A slight difficulty would be getting into a position ready to jump since if you bent your knees they would (to some degree) just come up and your feet would leave the floor. However, there is still going to be some friction on the elevator from the walls etc of the elevator shaft so it would accelerate slower than you and so you could crouch ready for your jump. Or you could maybe grab a hand rail or something to lever yourself into a crouched position with your feet on the elevator floor.

Once you are in a crouch then jumping will accelerate the elevator down and you up.

That’s true for an elevator falling in a vacuum with no connection to any guiderails providing friction. In reality, there is aerodynamic drag on the flat bottom of the elevator and some friction/rolling resistance between the guide rails and the wheels/skids of the elevator, so the downward acceleration will necessarily be less than 32.2 fpss. Maybe not much less, but enough so that you could probably expect to maintain foot contact with the floor of the elevator and prep for a jump.

The utility of jumping is up for debate, and will obviously depend on just how fast the elevator is falling at the moment it hits bottom. According to this, a pretty good vertical jump is 40 inches, which corresponds to launch velocity of about 10 MPH. I would guess that a healthy adult could survive a drop of about twice that height without substantial risk of injury; 80 inches corresponds to an touchdown velocity of 13 MPH. So if the elevator hits shaft-bottom at 23 MPH, you could conceivably jump at the right moment to brake your own subsequent impact velocity to an injury-free 13 MPH (and then you’d immediately have to absorb that 13-MPH impact with your legs, which would feel like you had just jumped off of the top of a stepladder).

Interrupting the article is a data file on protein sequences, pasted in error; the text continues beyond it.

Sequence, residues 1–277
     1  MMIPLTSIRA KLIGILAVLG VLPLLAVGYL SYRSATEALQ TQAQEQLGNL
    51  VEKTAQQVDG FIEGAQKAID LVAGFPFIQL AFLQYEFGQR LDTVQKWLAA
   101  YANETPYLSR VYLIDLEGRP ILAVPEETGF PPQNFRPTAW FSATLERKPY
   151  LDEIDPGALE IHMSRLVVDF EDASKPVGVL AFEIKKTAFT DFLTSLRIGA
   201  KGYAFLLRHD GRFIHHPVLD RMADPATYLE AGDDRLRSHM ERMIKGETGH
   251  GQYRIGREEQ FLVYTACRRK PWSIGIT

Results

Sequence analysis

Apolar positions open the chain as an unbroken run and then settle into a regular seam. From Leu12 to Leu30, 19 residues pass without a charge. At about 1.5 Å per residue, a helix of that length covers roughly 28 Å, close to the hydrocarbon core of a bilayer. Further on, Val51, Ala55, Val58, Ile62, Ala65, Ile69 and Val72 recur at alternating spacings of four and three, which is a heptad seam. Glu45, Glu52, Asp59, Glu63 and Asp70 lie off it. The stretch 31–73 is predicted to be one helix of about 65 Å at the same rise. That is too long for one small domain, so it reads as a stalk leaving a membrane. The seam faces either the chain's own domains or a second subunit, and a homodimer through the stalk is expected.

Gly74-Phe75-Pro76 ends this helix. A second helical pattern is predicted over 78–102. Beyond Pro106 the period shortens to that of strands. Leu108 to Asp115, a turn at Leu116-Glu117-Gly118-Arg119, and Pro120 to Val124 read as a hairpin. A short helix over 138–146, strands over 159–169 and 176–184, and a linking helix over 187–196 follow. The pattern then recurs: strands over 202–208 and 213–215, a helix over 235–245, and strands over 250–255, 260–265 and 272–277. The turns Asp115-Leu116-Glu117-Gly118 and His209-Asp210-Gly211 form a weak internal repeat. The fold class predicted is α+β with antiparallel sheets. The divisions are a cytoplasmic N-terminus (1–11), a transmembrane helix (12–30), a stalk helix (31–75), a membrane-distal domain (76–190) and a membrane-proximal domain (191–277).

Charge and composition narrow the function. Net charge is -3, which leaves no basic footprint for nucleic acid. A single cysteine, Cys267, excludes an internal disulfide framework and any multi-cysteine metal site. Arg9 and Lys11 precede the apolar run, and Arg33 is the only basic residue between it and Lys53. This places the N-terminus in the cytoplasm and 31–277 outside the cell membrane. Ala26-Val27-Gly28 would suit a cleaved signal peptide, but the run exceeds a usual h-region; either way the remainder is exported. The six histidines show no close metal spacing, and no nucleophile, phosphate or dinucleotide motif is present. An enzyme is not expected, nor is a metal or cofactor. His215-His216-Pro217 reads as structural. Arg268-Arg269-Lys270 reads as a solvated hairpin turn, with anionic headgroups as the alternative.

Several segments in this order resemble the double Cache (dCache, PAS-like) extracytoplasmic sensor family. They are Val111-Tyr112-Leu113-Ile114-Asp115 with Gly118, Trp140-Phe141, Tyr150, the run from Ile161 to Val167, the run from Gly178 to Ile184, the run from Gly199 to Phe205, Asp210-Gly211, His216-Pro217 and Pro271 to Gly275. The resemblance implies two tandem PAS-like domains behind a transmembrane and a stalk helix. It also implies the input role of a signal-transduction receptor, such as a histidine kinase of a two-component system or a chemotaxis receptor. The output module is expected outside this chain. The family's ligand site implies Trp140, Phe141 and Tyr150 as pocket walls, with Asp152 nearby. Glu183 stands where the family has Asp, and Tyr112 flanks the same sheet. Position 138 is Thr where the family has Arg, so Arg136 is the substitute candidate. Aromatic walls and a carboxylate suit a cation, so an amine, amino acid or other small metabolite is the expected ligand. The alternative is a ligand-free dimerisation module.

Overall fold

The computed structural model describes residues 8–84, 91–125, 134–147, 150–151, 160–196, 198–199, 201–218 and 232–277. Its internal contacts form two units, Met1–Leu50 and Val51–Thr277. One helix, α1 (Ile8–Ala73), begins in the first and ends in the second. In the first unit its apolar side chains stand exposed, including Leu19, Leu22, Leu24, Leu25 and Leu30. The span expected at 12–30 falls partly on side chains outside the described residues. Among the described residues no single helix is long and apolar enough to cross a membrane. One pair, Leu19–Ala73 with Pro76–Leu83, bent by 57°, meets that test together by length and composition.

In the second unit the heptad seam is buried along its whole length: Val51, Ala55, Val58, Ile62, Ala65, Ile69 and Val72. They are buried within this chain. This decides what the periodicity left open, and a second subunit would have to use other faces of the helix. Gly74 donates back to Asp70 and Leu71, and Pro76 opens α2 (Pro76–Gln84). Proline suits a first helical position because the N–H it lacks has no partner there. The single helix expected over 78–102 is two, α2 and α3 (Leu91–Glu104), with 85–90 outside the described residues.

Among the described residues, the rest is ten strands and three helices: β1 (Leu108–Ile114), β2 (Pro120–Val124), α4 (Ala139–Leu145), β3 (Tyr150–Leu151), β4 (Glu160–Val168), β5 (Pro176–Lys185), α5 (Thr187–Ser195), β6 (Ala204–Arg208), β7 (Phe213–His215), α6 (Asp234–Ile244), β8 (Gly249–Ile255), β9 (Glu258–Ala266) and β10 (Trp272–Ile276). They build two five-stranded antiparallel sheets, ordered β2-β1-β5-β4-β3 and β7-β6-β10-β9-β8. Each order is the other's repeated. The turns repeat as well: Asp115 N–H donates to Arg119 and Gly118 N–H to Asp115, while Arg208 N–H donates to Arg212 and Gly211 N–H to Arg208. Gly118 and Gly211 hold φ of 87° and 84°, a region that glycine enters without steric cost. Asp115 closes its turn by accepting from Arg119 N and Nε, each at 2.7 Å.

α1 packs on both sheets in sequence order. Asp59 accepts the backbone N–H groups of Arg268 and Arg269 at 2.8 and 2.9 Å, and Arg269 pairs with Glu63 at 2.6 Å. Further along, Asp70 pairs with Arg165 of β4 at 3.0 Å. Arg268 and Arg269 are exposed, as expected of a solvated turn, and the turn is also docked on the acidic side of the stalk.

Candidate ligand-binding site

As elevator impact velocity increases, your last-minute leap still reduces your impact velocity by 10 MPH from whatever it would have been without jumping; your chance of injury goes up with elevator impact velocity, but your leap still reduces your chances and/or your severity of injury. At some point it doesn’t much matter; there’s probably not a lot of difference between hitting the floor of the elevator at 110 MPH and hitting it at 100 MPH.

Regarding the car crash scenario, a similar question was asked last fall (except one vehicle was to T-bone the other). Here is the reply I provided in that discussion.